The illegal CIA operation that may have brought us 9/11
(Alternet) Was it conspiracy or idiocy that led to the failure of U.S. intelligence agencies to detect and prevent the Sept. 11, 2001, attacks on the World Trade Center and Pentagon headquarters? That’s one of the questions at the heart of “The Watchdogs Didn’t Bark: The CIA, NSA, and the Crimes of the War on Terror,” by John Duffy and Ray Nowosielski. In their careful and thorough investigation of the events leading up to the attacks, the authors uncover a story about the Central Intelligence Agency’s neglect, possible criminal activities and a cover-up that may have allowed al-Qaida to carry out its plans uninhibited by government officials.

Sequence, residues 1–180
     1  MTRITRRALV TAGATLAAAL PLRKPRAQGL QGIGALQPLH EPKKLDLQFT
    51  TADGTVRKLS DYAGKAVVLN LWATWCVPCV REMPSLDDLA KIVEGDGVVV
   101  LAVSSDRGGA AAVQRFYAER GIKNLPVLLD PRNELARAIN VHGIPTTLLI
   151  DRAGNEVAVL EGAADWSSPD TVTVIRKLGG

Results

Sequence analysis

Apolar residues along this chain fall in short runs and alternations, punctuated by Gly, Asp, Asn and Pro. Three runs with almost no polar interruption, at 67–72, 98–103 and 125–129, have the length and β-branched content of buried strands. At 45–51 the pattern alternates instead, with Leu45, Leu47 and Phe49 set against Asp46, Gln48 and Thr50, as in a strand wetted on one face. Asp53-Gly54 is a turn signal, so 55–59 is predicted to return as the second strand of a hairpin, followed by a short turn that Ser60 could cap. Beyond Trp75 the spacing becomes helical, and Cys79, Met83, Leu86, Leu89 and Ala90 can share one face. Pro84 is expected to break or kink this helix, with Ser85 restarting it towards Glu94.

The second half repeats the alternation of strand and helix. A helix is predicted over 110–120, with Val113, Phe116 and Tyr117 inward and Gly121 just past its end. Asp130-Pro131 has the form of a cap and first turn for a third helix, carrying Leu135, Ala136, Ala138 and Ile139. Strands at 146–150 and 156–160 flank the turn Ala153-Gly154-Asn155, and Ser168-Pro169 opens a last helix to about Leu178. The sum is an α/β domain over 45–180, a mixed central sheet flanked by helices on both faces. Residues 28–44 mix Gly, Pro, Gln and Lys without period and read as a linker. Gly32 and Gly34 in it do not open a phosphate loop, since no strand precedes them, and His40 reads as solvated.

In the latest installment of “Scheer Intelligence,” the journalists tell Truthdig Editor in Chief Robert Scheer how an interview with Richard Clarke, the counterterror adviser to Presidents Bill Clinton and George W. Bush, led them to a jaw-dropping revelation regarding two hijackers involved in the infamous attacks. As it turns out, Khalid Muhammad Abdallah al-Mihdhar and Nawaf al-Hazmi, two men linked to al-Qaida, were staying at an FBI informant’s home in San Diego in 2000, and they were being tracked by the National Security Agency. Despite knowledge of the men’s ties to the terrorist organization responsible for 9/11, neither was investigated by the FBI. Clarke and others believe that this may have had to do with a CIA attempt to turn the two men into agency informants.